Day 13: 09 July, 2019: Vienna: Vienna City’s Historic Center is a UNESCO WORLD HERITAGE SITE: is the national capital of Austria, its largest city, and one of nine states of Austria. The Stephansplatz is a square at the geographical centre of Vienna. It is named after its most prominent building, the Stephansdom, Vienna’s cathedral and one of the tallest churches in the world. The historic center of Vienna is rich in architectural ensembles, including Baroque castles and gardens, as well as the late-19th-century Ringstrasse lined with grand buildings, monuments and parks. It is classified as Vienna is Austria’s most populous city. Vienna’s history dates back to the first post-Christian century when the Romans established the military camp Vindobona. Today’s city scape is characterized by the abundance of Baroque buildings created mostly under the rule of Empress Maria Theresia (1740 – 1780) and Franz Joseph (1848 – 1916), who was largely responsible for the monumental architecture round the Ringstraße. Click for more pictures of Vienna: https://mega.nz/folder/0ddUUIBC#RFqkZwRqqbZhkhhXYy07QQ

Mozart Monument: Wolfgang Amadeus Mozart (27 January 1756 – 5 December 1791) was baptised as Johannes Chrysostomus Wolfgangus Theophilus Mozart. The Mozart Monument is a monument located in the Burggarten in the Innere Stadt district of Vienna, Austria since 1953. It is dedicated to composer Wolfgang Amadeus Mozart. The sculptures are made of  Laas marble from the Vinschgau, South Tyrol, whereas the steps of the foundation are made of dark diorite. The statue features componist Mozart with a music stand. The socle is adorned with ornaments, masks and wreaths and is framed within a semi-circular balustrade made of rough marble from Sterzing. The putti on the socle, which represent the power of Mozart’s music, are stylistically suggestive of Art Nouveau. The Mozart monument started life in 1896 in front of the Albertina Palace palace, where it suffered bomb damage during the last days of WWII. After repairs, it relocated to the Burggarten park in 1953. The park itself owes its existence to the deprivations of war, having been built as part of the clear up following the withdrawal of Napoleon’s troops in 1809.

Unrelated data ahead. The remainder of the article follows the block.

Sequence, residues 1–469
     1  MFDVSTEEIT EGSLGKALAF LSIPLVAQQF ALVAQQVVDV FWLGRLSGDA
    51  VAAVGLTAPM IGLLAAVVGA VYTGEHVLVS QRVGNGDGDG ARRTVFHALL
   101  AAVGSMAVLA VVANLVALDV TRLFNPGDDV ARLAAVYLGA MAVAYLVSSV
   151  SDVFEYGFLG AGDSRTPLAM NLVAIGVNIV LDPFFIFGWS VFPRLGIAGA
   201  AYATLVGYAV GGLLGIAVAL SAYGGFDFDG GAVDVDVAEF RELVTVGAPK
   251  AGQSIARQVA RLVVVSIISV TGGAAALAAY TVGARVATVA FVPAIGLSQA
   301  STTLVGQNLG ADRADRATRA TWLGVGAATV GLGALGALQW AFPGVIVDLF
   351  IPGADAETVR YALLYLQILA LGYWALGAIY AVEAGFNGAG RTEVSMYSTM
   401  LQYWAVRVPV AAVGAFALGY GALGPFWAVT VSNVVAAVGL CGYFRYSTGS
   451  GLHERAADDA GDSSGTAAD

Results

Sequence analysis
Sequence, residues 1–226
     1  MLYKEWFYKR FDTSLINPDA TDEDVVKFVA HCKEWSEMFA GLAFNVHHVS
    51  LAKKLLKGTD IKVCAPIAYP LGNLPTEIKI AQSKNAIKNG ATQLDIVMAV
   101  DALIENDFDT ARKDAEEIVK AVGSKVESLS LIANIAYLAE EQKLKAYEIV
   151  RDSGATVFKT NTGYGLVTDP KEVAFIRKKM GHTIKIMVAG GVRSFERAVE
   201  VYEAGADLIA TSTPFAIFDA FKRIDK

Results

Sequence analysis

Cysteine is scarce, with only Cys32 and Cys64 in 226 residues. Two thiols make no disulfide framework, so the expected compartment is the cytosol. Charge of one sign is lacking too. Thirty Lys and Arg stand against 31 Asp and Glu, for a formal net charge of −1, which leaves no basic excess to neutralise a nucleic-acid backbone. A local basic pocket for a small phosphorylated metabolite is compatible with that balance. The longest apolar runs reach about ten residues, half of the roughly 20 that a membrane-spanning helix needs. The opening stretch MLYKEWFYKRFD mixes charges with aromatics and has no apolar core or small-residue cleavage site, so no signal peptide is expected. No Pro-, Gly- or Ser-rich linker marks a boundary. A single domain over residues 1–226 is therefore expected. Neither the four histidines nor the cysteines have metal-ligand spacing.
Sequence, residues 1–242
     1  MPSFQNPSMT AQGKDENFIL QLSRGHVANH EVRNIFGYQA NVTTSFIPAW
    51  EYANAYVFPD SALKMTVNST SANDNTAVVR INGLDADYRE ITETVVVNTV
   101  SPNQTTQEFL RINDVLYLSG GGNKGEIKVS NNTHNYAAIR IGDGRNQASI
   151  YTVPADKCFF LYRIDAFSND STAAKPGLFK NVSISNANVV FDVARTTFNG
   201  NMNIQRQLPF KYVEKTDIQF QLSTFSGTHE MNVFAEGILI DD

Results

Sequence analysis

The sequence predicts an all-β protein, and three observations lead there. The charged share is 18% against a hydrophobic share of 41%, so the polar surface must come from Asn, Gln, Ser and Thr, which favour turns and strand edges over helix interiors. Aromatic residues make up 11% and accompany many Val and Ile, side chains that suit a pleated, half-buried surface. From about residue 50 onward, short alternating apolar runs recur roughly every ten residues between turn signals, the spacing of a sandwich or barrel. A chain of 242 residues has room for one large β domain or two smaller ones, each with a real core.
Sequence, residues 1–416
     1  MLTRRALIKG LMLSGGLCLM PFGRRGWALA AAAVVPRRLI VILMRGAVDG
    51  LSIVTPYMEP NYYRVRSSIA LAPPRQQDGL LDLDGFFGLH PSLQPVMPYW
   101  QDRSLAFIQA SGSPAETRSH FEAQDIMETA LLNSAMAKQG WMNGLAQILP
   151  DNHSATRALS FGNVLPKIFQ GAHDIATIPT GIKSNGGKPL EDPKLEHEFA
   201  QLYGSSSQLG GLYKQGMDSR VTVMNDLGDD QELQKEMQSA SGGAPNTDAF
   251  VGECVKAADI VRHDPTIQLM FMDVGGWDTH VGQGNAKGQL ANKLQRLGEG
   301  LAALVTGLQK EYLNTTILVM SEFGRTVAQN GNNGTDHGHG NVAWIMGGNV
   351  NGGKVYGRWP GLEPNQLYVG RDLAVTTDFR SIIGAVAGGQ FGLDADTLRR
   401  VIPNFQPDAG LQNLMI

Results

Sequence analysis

Belvedere Palace & Gardens: The Belvedere is a historic building complex consisting of two Baroque palaces (the Upper and Lower Belvedere), the Orangery, and the Palace Stables. The buildings are set in a Baroque park landscape in the third district of the city, on the south-eastern edge of its center. It houses the Belvedere Museum. The grounds are set on a gentle gradient and include decorative tiered fountains and cascades, Baroque sculptures, and majestic wrought iron gates. The Baroque palace complex was built as a summer residence for Prince Eugene of Savoy. The Belvedere was built during a period of extensive construction in Vienna, which at the time was both the imperial capital and home to the ruling Habsburg dynasty. This period of prosperity followed on from the commander-in-chief Prince Eugene of Savoy’s successful conclusion of a series of wars against the Ottaman Empire. Click for more pictures of Belvedere Palace: https://mega.nz/folder/FYkX2JzY#lK7BqMenkblo2Ju7_ItzOA

Anatomy Lessons at Belvedere: Tweeking the Sphinxes Nipples: With the body of a lioness, the wings of an eagle, a serpent-headed tail and the head of a beautiful woman, the Greek Sphinx was always going to be a fierce opponent. And that’s before you get on to her vicious intellect. She used to guard the entrance to the ancient city of Thebes, only allowing passage to those who could solve her riddle: what goes on four feet in the morning, two feet at noon and three feet in the evening? If you couldn’t solve her riddle (can you by the way?), the Sphinx would eat you up. The riddle was eventually solved by a man called Oedipus. And so, Oedipus avoided being eaten up, but careered straight into a sequence of events that lead to him killing his father, marrying his mother and stabbing his own eyes out with a pin from a brooch. Apparently the Sphinx was so angry that her riddle was a riddle no more, she ate herself up. The Sphinx at Belvedere Palace is perhaps more reasonable. She’ll allow passage if you tweak her nipples. Click for more pictures of Anatomy Lessons at Belvedere: https://mega.nz/folder/tY8jkRzD#w1rQAiJhLKJEJUfJ3oFNuQ